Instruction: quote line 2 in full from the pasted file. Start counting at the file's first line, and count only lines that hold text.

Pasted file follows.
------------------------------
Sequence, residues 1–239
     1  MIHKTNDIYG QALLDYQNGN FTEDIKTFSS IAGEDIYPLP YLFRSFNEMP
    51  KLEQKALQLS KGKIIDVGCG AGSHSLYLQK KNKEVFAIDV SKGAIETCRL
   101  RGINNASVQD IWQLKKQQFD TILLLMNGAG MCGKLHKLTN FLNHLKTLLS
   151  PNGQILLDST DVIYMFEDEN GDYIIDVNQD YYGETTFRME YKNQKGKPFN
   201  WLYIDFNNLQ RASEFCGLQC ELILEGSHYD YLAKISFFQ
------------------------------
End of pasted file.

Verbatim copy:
     1  MIHKTNDIYG QALLDYQNGN FTEDIKTFSS IAGEDIYPLP YLFRSFNEMP